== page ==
April 2, 2008

Quasimodo Geniti - sermon for Wednesday Evening Prayer

Text: 1 John 5.4b - "This is the victory that has overcome the world--our faith."

After His baptism, Jesus was tempted. You will be too. You will be tempted to despair. You will be tempted by the lusts of your flesh – sensational lusts that land politicians on the front page; but also more acceptable lusts – to overindulge in God’s good gifts of food and drink.

And then, there are the worst kinds of temptations, the spiritual ones – to believe false doctrine; and when disappointments come, when life doesn’t turn out as you hoped, even expected, the temptation to question whether God really loves you.

All this is wrapped up in that little word “world.” Luther says, “You must understand the world to mean the devil, the flesh, and everything that is evil.” And as we heard from God’s Word tonight, there is a victory that is victorious over the world—our faith.

But this is a strange way of speaking, isn’t it? It sounds like something we do wins the victory over the world. That’s how faith is usually used in our culture: something within us, an optimism, a confidence, a hope. Those things are good – but they are not what the Bible means by faith.

That’s why St. John explains further: “Who is he who overcomes the world, but he who believes that Jesus is the Son of God?” Faith, John says, looks to Jesus.

Think back to Sunday’s Gospel, where the disciples where cowering behind locked doors. They are afraid. They have no hope. Jesus comes, and what does He say? “Peace.” That first word of His tells us what comes from the resurrection. The disciples didn’t overcome the world. They didn’t defeat death or earn forgiveness. Jesus comes with the gift of peace, because He is the One who has overcome the world.

Thomas doesn’t believe it. He insists on seeing the wounds. Poor Thomas gets picked on, but I can’t say I would have been any different. He wanted proof, and the wounds were the proof. If Jesus is really risen, where are the marks of the spikes and the spear?

Those wounds are important. They show us that Jesus was the sacrifice, the sacrificial Lamb in whom the world’s sin is taken away. And what came from those wounds? Blood and water. The blood and water showed Jesus was really dead; but they also become a sacramental sign, that His death is for us. Water pouring into the font, touching your head to wash you; blood pouring into the chalice, touching your lips to mark you and heal you. All joined to the Spirit, testifying that Jesus has overcome the world, and gives His victory to you.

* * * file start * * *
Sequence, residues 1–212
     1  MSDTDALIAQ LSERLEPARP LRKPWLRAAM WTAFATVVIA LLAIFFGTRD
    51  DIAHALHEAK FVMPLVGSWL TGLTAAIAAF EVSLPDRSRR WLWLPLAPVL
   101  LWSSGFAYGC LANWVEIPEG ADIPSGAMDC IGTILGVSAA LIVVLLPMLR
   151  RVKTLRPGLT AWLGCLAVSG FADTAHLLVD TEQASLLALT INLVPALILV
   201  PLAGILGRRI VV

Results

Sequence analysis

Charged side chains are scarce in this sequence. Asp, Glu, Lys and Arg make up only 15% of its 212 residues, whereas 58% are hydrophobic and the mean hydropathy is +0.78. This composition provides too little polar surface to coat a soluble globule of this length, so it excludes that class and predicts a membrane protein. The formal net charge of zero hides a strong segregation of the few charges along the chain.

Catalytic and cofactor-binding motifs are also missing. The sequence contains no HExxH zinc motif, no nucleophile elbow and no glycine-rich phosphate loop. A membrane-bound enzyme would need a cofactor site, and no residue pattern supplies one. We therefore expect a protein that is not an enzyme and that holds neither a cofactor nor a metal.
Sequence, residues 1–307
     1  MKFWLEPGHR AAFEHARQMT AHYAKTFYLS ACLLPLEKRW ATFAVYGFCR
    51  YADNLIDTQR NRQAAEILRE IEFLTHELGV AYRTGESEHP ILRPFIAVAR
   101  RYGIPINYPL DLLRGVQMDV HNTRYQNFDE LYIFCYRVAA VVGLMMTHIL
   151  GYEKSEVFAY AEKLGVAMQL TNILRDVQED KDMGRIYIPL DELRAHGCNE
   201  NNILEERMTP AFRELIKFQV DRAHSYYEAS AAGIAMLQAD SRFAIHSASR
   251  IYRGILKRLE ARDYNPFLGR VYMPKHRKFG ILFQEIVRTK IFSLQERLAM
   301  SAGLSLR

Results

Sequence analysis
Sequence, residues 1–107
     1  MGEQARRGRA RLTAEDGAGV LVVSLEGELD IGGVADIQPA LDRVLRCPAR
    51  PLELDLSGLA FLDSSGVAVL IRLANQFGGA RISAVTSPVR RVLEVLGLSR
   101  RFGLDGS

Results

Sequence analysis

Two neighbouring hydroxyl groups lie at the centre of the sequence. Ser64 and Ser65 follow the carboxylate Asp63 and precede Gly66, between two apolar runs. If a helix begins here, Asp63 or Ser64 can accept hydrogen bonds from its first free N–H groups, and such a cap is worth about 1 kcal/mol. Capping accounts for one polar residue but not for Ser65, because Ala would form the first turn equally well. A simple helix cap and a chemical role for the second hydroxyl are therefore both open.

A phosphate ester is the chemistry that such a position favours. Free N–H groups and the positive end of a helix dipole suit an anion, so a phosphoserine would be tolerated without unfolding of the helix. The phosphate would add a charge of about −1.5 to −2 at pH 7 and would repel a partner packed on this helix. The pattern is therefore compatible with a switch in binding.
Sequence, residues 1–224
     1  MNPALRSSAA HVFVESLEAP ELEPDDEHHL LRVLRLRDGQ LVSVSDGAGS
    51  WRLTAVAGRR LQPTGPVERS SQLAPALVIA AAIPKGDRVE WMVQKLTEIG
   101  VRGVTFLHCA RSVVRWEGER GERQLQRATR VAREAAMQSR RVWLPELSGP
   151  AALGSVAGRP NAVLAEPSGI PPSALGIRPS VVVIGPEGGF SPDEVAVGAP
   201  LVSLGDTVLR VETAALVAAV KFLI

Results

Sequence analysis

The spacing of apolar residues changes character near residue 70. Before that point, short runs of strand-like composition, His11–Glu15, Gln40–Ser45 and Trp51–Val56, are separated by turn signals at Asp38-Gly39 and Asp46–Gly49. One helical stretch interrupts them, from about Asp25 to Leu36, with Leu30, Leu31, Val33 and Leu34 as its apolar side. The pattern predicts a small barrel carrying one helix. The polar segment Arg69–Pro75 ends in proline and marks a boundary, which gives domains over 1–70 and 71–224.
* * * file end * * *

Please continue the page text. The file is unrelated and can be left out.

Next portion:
So when we hear those wonderful words, “this is the victory that has overcome the world—our faith,” we can substitute another word to get the proper sense: “this is the victory that has overcome the world—our creed,” reminding us that we don’t overcome the world, but Jesus does, in whom we believe. Or we can run the words this way: “This is the victory that has overcome the world—our Jesus.”

In Him you believe, in Him is your peace, in Him is your victory. So when you are troubled by your sins, when you are tempted to despair, when you think that God does not love you because of this disappointment or that failure, evict all of that from your mind, and say, “This is the victory that has overcome the world—my Jesus. I will be troubled by nothing else, but be joyful, for in Him I live, in Him I die, and His shall I be forever.”

Note: some of the thoughts regarding Thomas and the wounds come from Pastor Cwirla's sermon for Quasimodo Geniti, along with a recent conversation I had with Chaplain Jonathan Shaw.

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